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Sea Cucumber Peptides to Affect Collagen
By: Katie Anderson, Cosmetics & Toiletries magazine
Posted: December 4, 2012, from the December 2012 issue of Cosmetics & Toiletries.
Maurice Elphick, PhD
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Perhaps a more novel discovery, Elphick found that the holokinin containing protein was nothing like the NGIWYamide precursor protein, but rather a component of collagen. “I could see that it was part of a collagen protein. This peptide derives from collagen and softens the body wall. This is the first evidence that the collagen itself contains peptides that can soften it,” Elphick added. Understanding which proteins contain the peptide was the first step in understanding how this mutable connective tissue softens and stiffens in the sea cucumber. This discovery has led Elphick and fellow collaborators to continue their work to understand this mechanism, and it will lead them to similar studies with other echinoderms.
Future Research and Skin Care
Currently, Elphick is collaborating with Himadri Gupta, a physicist at Queen Mary, to investigate this tissue from a biomaterials standpoint. “We are studying the phenomenon of mutable connective tissue using starfish instead of the sea cucumber due to cost and availability. We’ve been looking at the properties of this tissue, and we would like to do more experiments to understand how these peptides affect the stiffness of the collagenous tissue,” noted Elphick.
Elphick also has plans to relate the research to mammals, where he believes it may have a large impact. “We know enough about human biology and human collagen to be able to think about ways in which it might be relevant. The peptide that we found in sea cucumber has equivalent peptides that form parts of collagen in humans,” he added. “Maybe those peptides in humans that are similar might be useful to manipulate the stiffness of collagen [cartilage, skin, etc.].
Ephick’s team has long-term plans to take a comparative approach to this research, to see if the similar peptides in humans have the same effects on collagenous tissue. To do this, the team first must secure grants to conduct research with mice or rats. Should these equivalent peptides be able to manipulate the stiffness of collagen in humans, Elphick believes it could be used to treat aging. In addition, the ability to affect collagenous tissues may have a medical benefit to humans. If the team finds therapeutic potential in the peptides, however, Elphick notes that they would be synthesized rather than extracted from animals to remain respectful to the environment.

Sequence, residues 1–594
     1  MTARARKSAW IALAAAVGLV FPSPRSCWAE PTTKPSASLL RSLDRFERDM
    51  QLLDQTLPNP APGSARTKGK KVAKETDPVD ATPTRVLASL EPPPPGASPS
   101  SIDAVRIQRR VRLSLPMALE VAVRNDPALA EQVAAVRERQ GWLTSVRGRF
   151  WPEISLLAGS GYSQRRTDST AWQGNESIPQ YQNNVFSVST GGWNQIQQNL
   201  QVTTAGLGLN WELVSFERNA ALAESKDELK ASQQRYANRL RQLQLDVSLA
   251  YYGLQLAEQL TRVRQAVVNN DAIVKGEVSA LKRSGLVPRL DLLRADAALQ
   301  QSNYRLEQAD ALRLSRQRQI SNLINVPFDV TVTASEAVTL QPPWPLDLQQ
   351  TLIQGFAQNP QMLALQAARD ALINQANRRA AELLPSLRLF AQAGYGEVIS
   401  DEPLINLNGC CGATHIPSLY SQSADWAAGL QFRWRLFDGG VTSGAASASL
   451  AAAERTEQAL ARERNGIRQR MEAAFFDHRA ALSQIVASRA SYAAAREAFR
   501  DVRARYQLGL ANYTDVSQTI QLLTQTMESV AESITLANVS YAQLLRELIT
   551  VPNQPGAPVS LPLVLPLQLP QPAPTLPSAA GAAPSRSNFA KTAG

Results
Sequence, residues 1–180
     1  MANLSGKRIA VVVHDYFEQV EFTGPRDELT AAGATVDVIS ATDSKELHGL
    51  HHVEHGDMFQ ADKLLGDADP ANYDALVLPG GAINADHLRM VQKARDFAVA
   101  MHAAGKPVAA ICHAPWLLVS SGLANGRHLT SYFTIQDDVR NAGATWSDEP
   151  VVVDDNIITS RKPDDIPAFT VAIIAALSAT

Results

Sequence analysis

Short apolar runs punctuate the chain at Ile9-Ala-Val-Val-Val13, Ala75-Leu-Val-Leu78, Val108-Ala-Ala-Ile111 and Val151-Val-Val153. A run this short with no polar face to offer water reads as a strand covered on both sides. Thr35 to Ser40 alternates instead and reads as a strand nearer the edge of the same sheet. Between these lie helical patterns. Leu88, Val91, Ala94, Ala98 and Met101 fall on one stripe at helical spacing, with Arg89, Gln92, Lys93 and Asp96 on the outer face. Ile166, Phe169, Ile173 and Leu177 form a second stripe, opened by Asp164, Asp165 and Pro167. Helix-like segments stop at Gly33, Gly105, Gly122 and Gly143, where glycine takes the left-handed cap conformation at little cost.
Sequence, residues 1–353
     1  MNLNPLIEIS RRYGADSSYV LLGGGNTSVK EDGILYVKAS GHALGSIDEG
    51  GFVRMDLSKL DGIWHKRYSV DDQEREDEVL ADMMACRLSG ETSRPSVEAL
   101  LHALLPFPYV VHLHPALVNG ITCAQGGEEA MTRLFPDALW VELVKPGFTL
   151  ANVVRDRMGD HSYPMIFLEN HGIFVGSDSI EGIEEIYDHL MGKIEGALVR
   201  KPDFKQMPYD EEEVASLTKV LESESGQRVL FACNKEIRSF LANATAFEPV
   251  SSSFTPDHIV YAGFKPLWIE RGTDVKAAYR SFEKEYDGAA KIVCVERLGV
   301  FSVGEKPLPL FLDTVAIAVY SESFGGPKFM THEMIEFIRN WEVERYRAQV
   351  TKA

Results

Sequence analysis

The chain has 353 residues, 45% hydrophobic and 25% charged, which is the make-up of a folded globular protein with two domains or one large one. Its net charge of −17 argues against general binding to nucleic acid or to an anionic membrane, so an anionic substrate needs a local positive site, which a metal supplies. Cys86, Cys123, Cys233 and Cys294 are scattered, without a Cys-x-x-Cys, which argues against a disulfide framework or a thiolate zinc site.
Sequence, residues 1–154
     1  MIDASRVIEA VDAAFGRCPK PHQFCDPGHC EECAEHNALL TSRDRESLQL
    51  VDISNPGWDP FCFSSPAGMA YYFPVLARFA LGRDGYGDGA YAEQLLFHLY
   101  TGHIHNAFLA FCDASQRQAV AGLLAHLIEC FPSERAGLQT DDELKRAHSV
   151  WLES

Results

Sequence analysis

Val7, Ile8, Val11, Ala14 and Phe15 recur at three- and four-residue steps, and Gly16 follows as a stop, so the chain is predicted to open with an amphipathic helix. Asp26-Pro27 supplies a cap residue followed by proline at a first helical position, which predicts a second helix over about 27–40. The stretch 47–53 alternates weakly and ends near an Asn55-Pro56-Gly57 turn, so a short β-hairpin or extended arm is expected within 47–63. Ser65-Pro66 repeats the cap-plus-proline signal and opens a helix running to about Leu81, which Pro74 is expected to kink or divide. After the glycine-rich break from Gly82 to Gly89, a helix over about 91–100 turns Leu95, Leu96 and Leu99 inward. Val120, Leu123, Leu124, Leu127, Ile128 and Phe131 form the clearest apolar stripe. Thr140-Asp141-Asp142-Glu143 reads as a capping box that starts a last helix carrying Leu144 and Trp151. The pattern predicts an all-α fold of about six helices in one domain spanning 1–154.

1. H Du, Z Bao, R Hou, S Want and H Su, et al, Transcriptome sequencing and characterization for the sea cucumber Apostichopus japonicus (Selenka, 1867), PloS one 7:e33311 (2012)
2. R Birenheide et al, Peptides controlling stiffness of connective tissue in sea cucumbers, Biol Bull 194 253–259 (1998)
3. MR Elphick, The protein precursors of peptides that affect the mechanics of connective tissue and/or muscle in the echinoderm Apostichopus japonicus, PloS one 7:e44492 (2012)
From the Sea: Algal Extracts, Macroalgae, Orange Roughy Oil and Beautiful, Healthy Skin
Naturals and Organics in Cosmetics: Trends and Technology book is your bench guide on how to swap products based on animal fat with plant-based, renewable, Green Star rated products. Ingredients derived from plants, marine biology, algae, yeasts, enzymes and bacteria are found in many cosmetic products. The opportunities are limited only by the reach of the imagination. Imagine away!